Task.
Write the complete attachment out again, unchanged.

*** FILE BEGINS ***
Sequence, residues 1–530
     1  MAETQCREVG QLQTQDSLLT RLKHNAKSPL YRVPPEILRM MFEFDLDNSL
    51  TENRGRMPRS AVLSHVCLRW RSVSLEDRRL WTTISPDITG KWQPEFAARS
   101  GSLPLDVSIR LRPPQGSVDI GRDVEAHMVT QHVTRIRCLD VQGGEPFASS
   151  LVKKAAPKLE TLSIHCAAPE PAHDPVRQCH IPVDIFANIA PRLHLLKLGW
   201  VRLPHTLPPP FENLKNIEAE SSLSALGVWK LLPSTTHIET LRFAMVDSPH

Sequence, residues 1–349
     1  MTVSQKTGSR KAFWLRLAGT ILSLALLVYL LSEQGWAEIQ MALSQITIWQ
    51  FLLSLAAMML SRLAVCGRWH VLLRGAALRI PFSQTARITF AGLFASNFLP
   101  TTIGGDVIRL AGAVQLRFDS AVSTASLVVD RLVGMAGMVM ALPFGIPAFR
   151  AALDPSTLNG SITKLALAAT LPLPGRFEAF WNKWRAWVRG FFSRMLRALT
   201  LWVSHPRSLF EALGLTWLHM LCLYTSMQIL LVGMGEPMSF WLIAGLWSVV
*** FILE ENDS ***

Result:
Sequence, residues 1–530
     1  MAETQCREVG QLQTQDSLLT RLKHNAKSPL YRVPPEILRM MFEFDLDNSL
    51  TENRGRMPRS AVLSHVCLRW RSVSLEDRRL WTTISPDITG KWQPEFAARS
   101  GSLPLDVSIR LRPPQGSVDI GRDVEAHMVT QHVTRIRCLD VQGGEPFASS
   151  LVKKAAPKLE TLSIHCAAPE PAHDPVRQCH IPVDIFANIA PRLHLLKLGW
   201  VRLPHTLPPP FENLKNIEAE SSLSALGVWK LLPSTTHIET LRFAMVDSPH

Sequence, residues 1–349
     1  MTVSQKTGSR KAFWLRLAGT ILSLALLVYL LSEQGWAEIQ MALSQITIWQ
    51  FLLSLAAMML SRLAVCGRWH VLLRGAALRI PFSQTARITF AGLFASNFLP
   101  TTIGGDVIRL AGAVQLRFDS AVSTASLVVD RLVGMAGMVM ALPFGIPAFR
   151  AALDPSTLNG SITKLALAAT LPLPGRFEAF WNKWRAWVRG FFSRMLRALT
   201  LWVSHPRSLF EALGLTWLHM LCLYTSMQIL LVGMGEPMSF WLIAGLWSVV